Happy reading! :D
Today is Mother's Day in Switzerland. Mine was lovely. I got to sleep in, roll out of bed to eat brunch, then go back to bed to laze with a book. Trust me, in my day-to-day life, such sloth never happens. So yeah, it was great.
My older kids made a cute present in Kindergarten, my husband bought me chocolates, and The Toddler handed me a gift set of Body Shop Chocomania products. All in all, a lovely day. The crowning glory was a blissful shower. I'd just spread Chocomania exfoliator all over my skin. Suddenly, the shower curtain was yanked open to reveal me in all my naked glory. My scream was worthy of Janet Leigh in Psycho. The Toddler stood there, staring at me. "Mommy!" she said in a disapproving tone. "Why are your boobs covered in poop?"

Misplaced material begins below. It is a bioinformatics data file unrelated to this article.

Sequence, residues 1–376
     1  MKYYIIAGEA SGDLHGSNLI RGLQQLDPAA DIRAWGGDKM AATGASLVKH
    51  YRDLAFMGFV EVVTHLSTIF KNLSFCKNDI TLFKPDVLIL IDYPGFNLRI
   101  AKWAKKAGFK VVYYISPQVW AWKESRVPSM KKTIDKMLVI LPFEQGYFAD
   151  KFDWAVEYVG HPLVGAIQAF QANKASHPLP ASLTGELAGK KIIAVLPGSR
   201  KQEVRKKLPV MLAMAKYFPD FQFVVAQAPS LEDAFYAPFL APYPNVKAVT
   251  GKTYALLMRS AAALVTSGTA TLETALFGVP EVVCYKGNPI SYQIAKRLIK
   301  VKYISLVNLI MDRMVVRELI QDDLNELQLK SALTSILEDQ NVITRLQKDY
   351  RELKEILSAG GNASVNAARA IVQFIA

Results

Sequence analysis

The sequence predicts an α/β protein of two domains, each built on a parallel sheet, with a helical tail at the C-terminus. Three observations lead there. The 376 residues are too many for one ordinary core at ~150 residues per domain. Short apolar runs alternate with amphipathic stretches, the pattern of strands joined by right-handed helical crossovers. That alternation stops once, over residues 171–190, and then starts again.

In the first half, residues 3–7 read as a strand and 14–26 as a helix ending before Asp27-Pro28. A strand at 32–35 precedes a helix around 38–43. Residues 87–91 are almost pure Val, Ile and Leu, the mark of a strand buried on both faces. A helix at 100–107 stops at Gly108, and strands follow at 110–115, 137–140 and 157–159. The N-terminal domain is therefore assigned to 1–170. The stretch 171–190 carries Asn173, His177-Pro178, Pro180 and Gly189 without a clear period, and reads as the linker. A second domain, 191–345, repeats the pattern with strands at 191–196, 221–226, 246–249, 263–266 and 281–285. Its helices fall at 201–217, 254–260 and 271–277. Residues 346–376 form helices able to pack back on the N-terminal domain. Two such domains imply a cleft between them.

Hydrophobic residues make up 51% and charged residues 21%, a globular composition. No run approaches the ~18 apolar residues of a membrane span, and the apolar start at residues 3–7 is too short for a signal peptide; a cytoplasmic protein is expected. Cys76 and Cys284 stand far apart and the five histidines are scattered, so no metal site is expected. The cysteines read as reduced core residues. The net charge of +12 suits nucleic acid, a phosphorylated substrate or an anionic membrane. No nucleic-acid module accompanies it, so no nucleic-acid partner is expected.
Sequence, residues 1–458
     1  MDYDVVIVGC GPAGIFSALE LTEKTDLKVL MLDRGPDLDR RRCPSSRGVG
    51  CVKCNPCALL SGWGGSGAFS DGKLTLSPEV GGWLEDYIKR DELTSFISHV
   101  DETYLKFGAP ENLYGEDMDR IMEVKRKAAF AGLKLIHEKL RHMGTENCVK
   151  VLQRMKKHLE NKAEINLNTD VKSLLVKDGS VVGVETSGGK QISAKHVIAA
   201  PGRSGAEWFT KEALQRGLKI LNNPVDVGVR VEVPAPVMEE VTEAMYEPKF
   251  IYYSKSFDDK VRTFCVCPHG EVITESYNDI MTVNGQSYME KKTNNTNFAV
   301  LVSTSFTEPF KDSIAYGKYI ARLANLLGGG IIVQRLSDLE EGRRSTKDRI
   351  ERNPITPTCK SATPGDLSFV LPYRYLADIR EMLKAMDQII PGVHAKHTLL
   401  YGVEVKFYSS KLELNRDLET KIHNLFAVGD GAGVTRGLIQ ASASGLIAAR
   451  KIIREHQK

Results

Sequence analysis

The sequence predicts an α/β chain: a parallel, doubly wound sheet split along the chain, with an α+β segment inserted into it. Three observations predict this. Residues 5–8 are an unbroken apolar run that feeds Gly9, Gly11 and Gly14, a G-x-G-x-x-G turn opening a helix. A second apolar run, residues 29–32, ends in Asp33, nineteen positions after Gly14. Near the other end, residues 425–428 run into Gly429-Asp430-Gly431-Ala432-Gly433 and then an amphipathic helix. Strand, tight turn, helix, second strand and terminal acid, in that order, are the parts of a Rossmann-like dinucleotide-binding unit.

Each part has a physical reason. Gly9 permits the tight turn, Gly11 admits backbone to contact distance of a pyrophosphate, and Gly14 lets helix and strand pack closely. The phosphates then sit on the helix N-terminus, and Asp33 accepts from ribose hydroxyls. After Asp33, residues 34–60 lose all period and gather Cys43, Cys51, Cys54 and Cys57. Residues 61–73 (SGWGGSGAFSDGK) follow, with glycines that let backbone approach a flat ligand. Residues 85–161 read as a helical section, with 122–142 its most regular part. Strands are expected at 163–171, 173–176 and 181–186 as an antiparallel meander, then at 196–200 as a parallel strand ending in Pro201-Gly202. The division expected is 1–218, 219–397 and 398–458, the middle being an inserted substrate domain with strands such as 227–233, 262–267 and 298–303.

Mother's Day, chez Zara Keane. :D
On that merry note, I'll leave you with a second excerpt from Love and Shenanigans. Enjoy! (Click here if you missed the first excerpt.)
OHMYGAWD! HER ARSE WAS ON DISPLAY.
Her fat, white arse.
Why did these things happen to her? One weekend without incident. That was all she’d asked for. Yet within an hour of arriving in Ballybeg, she was lying prostrate on top of a dog basket with the man she’d hoped to avoid staring at her cellulite.
“Mon dieu!” Claudette clutched her necklace. “What have you done to my dress?”
“Fiona!” Muireann shrieked. “How could you?”
“Never mind the dress. She’s squashing Mitzi and Bitzi.” Deirdre darted forward and yanked the dog basket to safety. Fiona’s face landed on the Persian carpet with a thud.
“What’s wrong with you people?” a male voice demanded. His voice. “Help her up, for heaven’s sake.”
Muscular arms reached around her ribcage and hauled her to her feet.
“Here.” Olivia retrieved the shawl from the floor. “Get this around her.”